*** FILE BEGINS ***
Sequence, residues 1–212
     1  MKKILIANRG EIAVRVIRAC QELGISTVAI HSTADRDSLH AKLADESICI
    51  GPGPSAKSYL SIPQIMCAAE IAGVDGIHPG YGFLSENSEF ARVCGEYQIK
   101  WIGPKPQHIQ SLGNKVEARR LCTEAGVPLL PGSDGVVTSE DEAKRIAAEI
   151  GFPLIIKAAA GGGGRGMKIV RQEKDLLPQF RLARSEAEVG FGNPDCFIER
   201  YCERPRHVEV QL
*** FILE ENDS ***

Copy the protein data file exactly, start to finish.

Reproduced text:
Sequence, residues 1–212
     1  MKKILIANRG EIAVRVIRAC QELGISTVAI HSTADRDSLH AKLADESICI
    51  GPGPSAKSYL SIPQIMCAAE IAGVDGIHPG YGFLSENSEF ARVCGEYQIK
   101  WIGPKPQHIQ SLGNKVEARR LCTEAGVPLL PGSDGVVTSE DEAKRIAAEI
   151  GFPLIIKAAA GGGGRGMKIV RQEKDLLPQF RLARSEAEVG FGNPDCFIER
   201  YCERPRHVEV QL